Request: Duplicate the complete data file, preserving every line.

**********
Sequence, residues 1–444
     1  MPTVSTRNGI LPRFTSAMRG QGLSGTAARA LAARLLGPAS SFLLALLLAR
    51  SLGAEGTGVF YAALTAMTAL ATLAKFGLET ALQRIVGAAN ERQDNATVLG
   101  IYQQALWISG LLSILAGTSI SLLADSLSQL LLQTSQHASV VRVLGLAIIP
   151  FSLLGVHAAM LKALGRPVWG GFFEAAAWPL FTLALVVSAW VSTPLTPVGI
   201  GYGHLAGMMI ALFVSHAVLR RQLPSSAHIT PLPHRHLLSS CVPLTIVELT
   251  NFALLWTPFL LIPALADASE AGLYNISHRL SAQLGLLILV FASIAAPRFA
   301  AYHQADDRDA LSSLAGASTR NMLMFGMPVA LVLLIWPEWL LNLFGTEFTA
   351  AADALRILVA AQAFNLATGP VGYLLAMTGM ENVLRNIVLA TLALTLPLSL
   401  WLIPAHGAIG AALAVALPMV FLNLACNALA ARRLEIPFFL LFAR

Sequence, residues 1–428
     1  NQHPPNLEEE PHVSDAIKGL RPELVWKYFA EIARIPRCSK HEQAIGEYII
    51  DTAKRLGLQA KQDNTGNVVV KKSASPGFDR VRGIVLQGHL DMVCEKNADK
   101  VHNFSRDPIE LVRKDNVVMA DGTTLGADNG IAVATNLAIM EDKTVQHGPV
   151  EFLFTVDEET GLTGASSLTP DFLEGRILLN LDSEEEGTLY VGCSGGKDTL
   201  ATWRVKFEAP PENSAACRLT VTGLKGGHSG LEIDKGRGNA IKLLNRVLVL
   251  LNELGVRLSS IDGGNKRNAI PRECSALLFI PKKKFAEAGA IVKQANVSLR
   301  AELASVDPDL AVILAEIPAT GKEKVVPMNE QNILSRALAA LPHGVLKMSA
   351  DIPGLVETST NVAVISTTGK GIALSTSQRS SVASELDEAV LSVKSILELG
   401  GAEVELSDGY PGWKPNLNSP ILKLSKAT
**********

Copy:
Sequence, residues 1–444
     1  MPTVSTRNGI LPRFTSAMRG QGLSGTAARA LAARLLGPAS SFLLALLLAR
    51  SLGAEGTGVF YAALTAMTAL ATLAKFGLET ALQRIVGAAN ERQDNATVLG
   101  IYQQALWISG LLSILAGTSI SLLADSLSQL LLQTSQHASV VRVLGLAIIP
   151  FSLLGVHAAM LKALGRPVWG GFFEAAAWPL FTLALVVSAW VSTPLTPVGI
   201  GYGHLAGMMI ALFVSHAVLR RQLPSSAHIT PLPHRHLLSS CVPLTIVELT
   251  NFALLWTPFL LIPALADASE AGLYNISHRL SAQLGLLILV FASIAAPRFA
   301  AYHQADDRDA LSSLAGASTR NMLMFGMPVA LVLLIWPEWL LNLFGTEFTA
   351  AADALRILVA AQAFNLATGP VGYLLAMTGM ENVLRNIVLA TLALTLPLSL
   401  WLIPAHGAIG AALAVALPMV FLNLACNALA ARRLEIPFFL LFAR

Sequence, residues 1–428
     1  NQHPPNLEEE PHVSDAIKGL RPELVWKYFA EIARIPRCSK HEQAIGEYII
    51  DTAKRLGLQA KQDNTGNVVV KKSASPGFDR VRGIVLQGHL DMVCEKNADK
   101  VHNFSRDPIE LVRKDNVVMA DGTTLGADNG IAVATNLAIM EDKTVQHGPV
   151  EFLFTVDEET GLTGASSLTP DFLEGRILLN LDSEEEGTLY VGCSGGKDTL
   201  ATWRVKFEAP PENSAACRLT VTGLKGGHSG LEIDKGRGNA IKLLNRVLVL
   251  LNELGVRLSS IDGGNKRNAI PRECSALLFI PKKKFAEAGA IVKQANVSLR
   301  AELASVDPDL AVILAEIPAT GKEKVVPMNE QNILSRALAA LPHGVLKMSA
   351  DIPGLVETST NVAVISTTGK GIALSTSQRS SVASELDEAV LSVKSILELG
   401  GAEVELSDGY PGWKPNLNSP ILKLSKAT